Celery, along with only a few other vegetables, including broccoli, cauliflower, and brussel sprouts, is a relative newcomer to the world’s diet, where most common vegetables have been eaten since before recorded history. This Apium graveolens is the mild, enlarged version of a thin-stalked, bitter Eurasian herb called smallage.
Wild celery is believed to have originated in the Mediterranean area. Its woven garlands have been found in Egyptian tombs. An archeological finding in Kastanas, Greece provides evidence that Apium graveolens was present there in the 9th century before Christ. There is also great literary evidence establishing this, for selinon, which is believed to be the same as celery, is mentioned by Homer in both the Illiad and Odyssey (circa 850 B.C.).
Moving forward five centuries after Christ, this wild edible herb appears in Chinese writings; then following this, it is cited again in a 9th century A.D. poem, from either France or Italy.
Italians first bred this small, primitive plant in their gardens apparently in the 1500’s, using it for medicinal purposes only; other northern European countries also began growing it. By 1623, a record of celeri in France, established it as being utilized as a food. For the next 100 years, it was generally employed only to flavor dishes, though in France and Italy, its leaves and stalks were sometimes eaten accompanied with oil dressing. By the end of this century, this vegetable had arrived in England.
The first evidences of improvement of this wild Apium were seen in late 17th and early 18th centuries in these northern European countries, resulting in selections with solid stems; this stalk celery, as it has been known, originally had a tendency to produce hallow stalks that were bitter and strong. Years of domestication corrected this hallow characteristic; likewise, breeding countered the disagreeable flavors. This latter development was achieved by choosing the cooler growing periods of late summer and fall-the plants were then kept into winter-as well as by employing blanching, a practice that pushes dirt up around the stalks’ bases, keeping the sunlight from turning the celery green.
We have two types of stalk celery varieties: the green or Pascal is popular in North America, while the yellow, also known as self-blanching, is preferred in Europe and the rest of the world. Celeriac, celery root or knob celery, is also widely used in European countries, with a growing audience for it among trendy U.S. gourmets. Chinese or leaf celery, which is also called smallage-of all the Apiums, this is the closest in form and flavor to the original Eurasian herb-is grown in Asia and the Mediterranean regions for its leaves and seeds; these are used for cooking and sometimes medicine.
In America, the presence of this vegetable was minor during colonial days, leaving no evidence as to which European group brought it here. Nonetheless by 1806, four cultivated varieties were growing in the U.S., as is listed in the American Gardeners’ Calendar, printed that year. After the mid-19th century, with further domestication having refined its taste and texture, Americans were eating it raw with salt, serving it in celery vases at the dinner table.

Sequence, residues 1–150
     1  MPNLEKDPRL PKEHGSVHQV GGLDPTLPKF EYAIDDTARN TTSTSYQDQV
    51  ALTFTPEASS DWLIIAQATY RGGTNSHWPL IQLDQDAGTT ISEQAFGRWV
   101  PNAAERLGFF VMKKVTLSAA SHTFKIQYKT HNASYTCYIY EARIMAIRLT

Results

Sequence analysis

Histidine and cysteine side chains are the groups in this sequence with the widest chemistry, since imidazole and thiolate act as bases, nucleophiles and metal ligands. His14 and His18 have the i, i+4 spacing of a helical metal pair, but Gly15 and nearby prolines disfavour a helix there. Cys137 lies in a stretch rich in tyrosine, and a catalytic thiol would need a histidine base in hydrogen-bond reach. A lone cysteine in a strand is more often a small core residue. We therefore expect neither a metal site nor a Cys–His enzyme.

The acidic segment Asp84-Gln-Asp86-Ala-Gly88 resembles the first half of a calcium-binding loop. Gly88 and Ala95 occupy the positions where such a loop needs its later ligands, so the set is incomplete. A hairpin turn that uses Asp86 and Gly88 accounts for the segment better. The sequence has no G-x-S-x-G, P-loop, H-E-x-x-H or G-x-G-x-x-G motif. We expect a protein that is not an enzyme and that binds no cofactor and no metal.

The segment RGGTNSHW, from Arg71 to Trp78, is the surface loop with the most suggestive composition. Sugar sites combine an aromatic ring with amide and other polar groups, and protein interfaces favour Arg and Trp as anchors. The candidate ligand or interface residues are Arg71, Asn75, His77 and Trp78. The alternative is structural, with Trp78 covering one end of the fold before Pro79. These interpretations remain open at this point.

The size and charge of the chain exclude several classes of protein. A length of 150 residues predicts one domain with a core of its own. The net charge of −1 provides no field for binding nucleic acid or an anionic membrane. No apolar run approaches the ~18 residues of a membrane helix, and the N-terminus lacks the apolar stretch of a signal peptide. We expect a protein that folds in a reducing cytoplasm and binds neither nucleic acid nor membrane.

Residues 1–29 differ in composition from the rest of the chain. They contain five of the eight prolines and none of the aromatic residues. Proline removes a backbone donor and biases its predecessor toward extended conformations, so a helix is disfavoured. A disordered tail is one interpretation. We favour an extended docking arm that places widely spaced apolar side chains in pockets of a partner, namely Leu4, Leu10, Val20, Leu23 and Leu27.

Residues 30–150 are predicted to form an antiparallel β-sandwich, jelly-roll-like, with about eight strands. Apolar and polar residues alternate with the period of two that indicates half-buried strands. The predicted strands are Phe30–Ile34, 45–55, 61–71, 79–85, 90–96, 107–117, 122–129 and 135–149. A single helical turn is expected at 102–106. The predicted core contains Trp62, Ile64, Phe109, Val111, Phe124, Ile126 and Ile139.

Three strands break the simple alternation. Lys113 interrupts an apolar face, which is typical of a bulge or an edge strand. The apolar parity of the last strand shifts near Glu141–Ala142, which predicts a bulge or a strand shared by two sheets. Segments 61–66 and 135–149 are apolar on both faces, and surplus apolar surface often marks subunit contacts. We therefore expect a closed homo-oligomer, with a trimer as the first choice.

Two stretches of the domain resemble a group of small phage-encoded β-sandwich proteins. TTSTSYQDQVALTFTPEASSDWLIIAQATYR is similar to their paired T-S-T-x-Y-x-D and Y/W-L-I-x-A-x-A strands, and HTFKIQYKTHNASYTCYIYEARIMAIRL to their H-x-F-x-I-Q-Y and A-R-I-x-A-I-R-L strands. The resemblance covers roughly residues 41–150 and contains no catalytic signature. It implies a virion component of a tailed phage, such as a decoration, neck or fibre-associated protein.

Organic celery tends to be on sale at our local Fred Meyer-Kroger-stores during any holiday. Thus, having it on hand from a Christmas special, I created this exceptionally easy, delightful braised celery dish, for my annual, day-after-Christmas celebration with my long-time friend Janet. We loved it; hope you will to.
Harold McGee, On Food and Cooking (New York: Scribner, 1984, 2004), pp. 249, 315, 406.
Braised Celery Yields: 4 servings. Total prep time: 20 min/ active prep time: 10 min/ cooking time: 10 min.
1 1/4 lb celery (Organic celery is relatively inexpensive.)
2 tbsp chilled butter, cut in small pieces
Salt and freshly ground pepper (Himalayan or pink salt, such as Real Salt, is so important for optimum health; a Himalayan salt is available very cheaply in bulk, at our local Winco.)
1 tsp Herbes de Provence (Trader Joe’s has a great deal on this dried herb.)
1/2 c broth (May use chicken, vegetable, or a good beef broth.)
Peel strings off celery with a potato peeler; spray with a safe, inexpensive, effective vegetable spray (combine 97% distilled white vinegar with 3% hydrogen peroxide); let sit 3 minutes; rinse really well. Save leaves for garnish.
- Cut celery in 4-inch pieces; place in a single layer-the indented side up-in the bottom of a large sauté pan; dot with pieces of butter; salt and pepper generously; sprinkle top with Herbes de Provence. (See photo above.)
- Pour broth over celery; bring to a boil over med/high heat; reduce heat to med/low; cook covered for 5 minutes.
- Meanwhile chop the leaves, to be used as an optional garnish.
- Remove cover, stir well, raise heat to medium, and cook for 4 minutes more (see photo below).
- Raise heat to med/high and cook liquids down, stirring constantly, until juices form a glaze, about 1 minute (see photo at top of recipe).
Arrange in a serving dish, garnish with chopped leaves, and serve with pride!